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Stephen Crane


My acquaintance with Stephen Crane was brought about by Mr. Pawling,
partner in the publishing firm of Mr. William Heinemann.

One day Mr. Pawling said to me: "Stephen Crane has arrived in England. I
asked him if there was anybody he wanted to meet and he mentioned two
names. One of them was yours." I had then just been reading, like the
rest of the world, Crane's _Red Badge of Courage_. The subject of that
story was war, from the point of view of an individual soldier's
emotions. That individual (he remains nameless throughout) was
interesting enough in himself, but on turning over the pages of that
little book which had for the moment secured such a noisy recognition I
had been even more interested in the personality of the writer. The
picture of a simple and untried youth becoming through the needs of his
country part of a great fighting machine was presented with an
earnestness of purpose, a sense of tragic issues, and an imaginative
force of expression which struck me as quite uncommon and altogether
worthy of admiration.

Apparently Stephen Crane had received a favourable impression from the
reading of the _Nigger of the Narcissus_, a book of mine which had also
been published lately. I was truly pleased to hear this.

On my next visit to town we met at a lunch. I saw a young man of medium
stature and slender build, with very steady, penetrating blue eyes, the
eyes of a being who not only sees visions but can brood over them to some

He had indeed a wonderful power of vision, which he applied to the things
of this earth and of our mortal humanity with a penetrating force that
seemed to reach, within life's appearances and forms, the very spirit of
life's truth. His ignorance of the world at large--he had seen very
little of it--did not stand in the way of his imaginative grasp of facts,
events, and picturesque men.

His manner was very quiet, his personality at first sight interesting,
and he talked slowly with an intonation which on some people, mainly
Americans, had, I believe, a jarring effect. But not on me. Whatever he
said had a personal note, and he expressed himself with a graphic
simplicity which was extremely engaging. He knew little of literature,
either of his own country or of any other, but he was himself a wonderful
artist in words whenever he took a pen into his hand. Then his gift came
out--and it was seen then to be much more than mere felicity of language.
His impressionism of phrase went really deeper than the surface. In his
writing he was very sure of his effects. I don't think he was ever in
doubt about what he could do. Yet it often seemed to me that he was but
half aware of the exceptional quality of his achievement.

This achievement was curtailed by his early death. It was a great loss
to his friends, but perhaps not so much to literature. I think that he
had given his measure fully in the few books he had the time to write.
Let me not be misunderstood: the loss was great, but it was the loss of
the delight his art could give, not the loss of any further possible
revelation. As to himself, who can say how much he gained or lost by
quitting so early this world of the living, which he knew how to set
before us in the terms of his own artistic vision? Perhaps he did not
lose a great deal. The recognition he was accorded was rather languid
and given him grudgingly. The worthiest welcome he secured for his tales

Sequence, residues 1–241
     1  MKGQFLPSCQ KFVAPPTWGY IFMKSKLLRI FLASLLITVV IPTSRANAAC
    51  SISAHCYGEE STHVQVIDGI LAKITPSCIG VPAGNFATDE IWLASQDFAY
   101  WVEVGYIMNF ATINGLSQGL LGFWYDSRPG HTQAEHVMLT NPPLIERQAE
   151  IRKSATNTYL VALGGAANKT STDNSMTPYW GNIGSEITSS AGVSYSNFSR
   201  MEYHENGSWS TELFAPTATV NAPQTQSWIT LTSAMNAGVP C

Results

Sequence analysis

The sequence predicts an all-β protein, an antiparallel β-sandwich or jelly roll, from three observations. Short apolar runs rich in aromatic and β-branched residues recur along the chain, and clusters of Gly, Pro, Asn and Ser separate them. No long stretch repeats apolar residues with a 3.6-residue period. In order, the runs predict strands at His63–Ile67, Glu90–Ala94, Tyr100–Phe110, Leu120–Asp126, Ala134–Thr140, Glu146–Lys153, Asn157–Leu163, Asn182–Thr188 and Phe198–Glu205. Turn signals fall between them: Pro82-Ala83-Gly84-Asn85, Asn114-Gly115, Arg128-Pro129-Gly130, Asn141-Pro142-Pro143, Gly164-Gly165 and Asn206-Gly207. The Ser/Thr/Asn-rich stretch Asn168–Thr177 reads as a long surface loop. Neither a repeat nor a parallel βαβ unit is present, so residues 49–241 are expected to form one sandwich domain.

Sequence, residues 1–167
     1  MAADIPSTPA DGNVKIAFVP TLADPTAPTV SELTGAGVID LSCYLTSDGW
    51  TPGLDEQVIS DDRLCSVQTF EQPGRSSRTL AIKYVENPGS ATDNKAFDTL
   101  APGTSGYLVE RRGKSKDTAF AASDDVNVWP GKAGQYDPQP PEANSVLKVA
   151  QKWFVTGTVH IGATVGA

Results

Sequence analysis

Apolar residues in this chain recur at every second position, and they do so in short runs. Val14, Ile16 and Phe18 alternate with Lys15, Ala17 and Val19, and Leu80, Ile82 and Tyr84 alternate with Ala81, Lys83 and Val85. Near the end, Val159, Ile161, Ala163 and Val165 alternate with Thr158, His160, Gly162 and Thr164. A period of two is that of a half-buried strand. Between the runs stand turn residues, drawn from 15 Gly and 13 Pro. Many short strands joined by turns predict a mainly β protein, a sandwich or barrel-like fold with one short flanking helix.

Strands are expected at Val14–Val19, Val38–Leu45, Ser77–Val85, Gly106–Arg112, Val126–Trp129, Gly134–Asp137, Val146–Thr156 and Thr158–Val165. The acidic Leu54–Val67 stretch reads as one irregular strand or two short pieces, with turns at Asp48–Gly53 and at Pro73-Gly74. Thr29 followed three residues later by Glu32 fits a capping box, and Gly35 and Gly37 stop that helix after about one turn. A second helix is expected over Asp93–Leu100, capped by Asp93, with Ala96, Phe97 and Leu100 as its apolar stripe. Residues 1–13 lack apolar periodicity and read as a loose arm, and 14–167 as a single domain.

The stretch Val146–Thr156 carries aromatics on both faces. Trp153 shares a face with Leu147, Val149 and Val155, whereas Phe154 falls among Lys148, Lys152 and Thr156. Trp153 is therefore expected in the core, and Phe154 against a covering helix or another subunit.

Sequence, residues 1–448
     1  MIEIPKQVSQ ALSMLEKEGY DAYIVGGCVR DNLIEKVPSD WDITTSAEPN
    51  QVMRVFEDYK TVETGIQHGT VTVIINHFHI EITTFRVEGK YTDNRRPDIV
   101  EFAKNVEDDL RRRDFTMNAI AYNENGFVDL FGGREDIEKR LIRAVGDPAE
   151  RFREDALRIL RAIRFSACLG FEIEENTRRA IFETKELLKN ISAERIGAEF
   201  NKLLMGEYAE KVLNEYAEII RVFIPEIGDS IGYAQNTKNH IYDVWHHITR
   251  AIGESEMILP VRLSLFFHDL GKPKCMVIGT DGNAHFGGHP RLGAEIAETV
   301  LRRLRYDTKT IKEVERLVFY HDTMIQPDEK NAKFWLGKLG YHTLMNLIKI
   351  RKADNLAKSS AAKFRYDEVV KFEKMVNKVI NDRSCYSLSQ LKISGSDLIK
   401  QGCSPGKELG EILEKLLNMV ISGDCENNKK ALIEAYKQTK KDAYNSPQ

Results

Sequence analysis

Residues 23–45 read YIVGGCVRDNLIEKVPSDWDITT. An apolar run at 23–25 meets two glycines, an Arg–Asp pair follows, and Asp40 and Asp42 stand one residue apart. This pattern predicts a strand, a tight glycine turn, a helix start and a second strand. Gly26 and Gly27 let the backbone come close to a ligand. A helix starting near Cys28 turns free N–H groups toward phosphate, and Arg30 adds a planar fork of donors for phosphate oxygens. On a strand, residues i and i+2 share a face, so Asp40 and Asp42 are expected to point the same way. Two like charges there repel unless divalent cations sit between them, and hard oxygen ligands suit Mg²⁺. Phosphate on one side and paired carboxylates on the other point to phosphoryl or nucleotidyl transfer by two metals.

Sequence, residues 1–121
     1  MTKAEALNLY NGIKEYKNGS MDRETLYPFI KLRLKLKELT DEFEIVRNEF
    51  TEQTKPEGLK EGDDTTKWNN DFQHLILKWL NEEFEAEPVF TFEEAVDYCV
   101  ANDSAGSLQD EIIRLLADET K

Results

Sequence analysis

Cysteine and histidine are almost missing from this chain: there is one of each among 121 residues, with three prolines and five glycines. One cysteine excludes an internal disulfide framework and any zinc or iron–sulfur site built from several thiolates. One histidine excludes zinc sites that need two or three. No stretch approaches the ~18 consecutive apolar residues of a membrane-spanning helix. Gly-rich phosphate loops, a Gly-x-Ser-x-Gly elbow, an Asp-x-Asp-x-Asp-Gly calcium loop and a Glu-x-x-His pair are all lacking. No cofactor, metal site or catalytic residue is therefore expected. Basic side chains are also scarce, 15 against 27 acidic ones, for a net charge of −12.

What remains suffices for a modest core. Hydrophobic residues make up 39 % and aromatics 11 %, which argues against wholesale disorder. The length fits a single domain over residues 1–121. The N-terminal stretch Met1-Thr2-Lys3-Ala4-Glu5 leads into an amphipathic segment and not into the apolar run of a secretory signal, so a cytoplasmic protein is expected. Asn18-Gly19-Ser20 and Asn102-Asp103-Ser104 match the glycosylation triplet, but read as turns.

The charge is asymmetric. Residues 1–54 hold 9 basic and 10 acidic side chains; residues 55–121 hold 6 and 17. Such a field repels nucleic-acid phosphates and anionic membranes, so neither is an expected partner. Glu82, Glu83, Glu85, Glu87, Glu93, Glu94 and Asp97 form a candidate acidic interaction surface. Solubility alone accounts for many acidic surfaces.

in this country was from Mr. W. Henley in the _New Review_ and later,
towards the end of his life, from the late Mr. William Blackwood in his
magazine. For the rest I must say that during his sojourn in England he
had the misfortune to be, as the French say, _mal entoure_. He was beset
by people who understood not the quality of his genius and were
antagonistic to the deeper fineness of his nature. Some of them have
died since, but dead or alive they are not worth speaking about now. I
don't think he had any illusions about them himself: yet there was a
strain of good-nature and perhaps of weakness in his character which
prevented him from shaking himself free from their worthless and
patronising attentions, which in those days caused me much secret
irritation whenever I stayed with him in either of his English homes. My
wife and I like best to remember him riding to meet us at the gate of the
Park at Brede. Born master of his sincere impressions, he was also a
born horseman. He never appeared so happy or so much to advantage as on
the back of a horse. He had formed the project of teaching my eldest boy
to ride, and meantime, when the child was about two years old, presented
him with his first dog.

I saw Stephen Crane a few days after his arrival in London. I saw him
for the last time on his last day in England. It was in Dover, in a big
hotel, in a bedroom with a large window looking on to the sea. He had
been very ill and Mrs. Crane was taking him to some place in Germany, but
one glance at that wasted face was enough to tell me that it was the most
forlorn of all hopes. The last words he breathed out to me were: "I am
tired. Give my love to your wife and child." When I stopped at the door
for another look I saw that he had turned his head on the pillow and was
staring wistfully out of the window at the sails of a cutter yacht that
glided slowly across the frame, like a dim shadow against the grey sky.

Those who have read his little tale, "Horses," and the story, "The Open
Boat," in the volume of that name, know with what fine understanding he
loved horses and the sea. And his passage on this earth was like that of
a horseman riding swiftly in the dawn of a day fated to be short and
without sunshine.

Joseph Conrad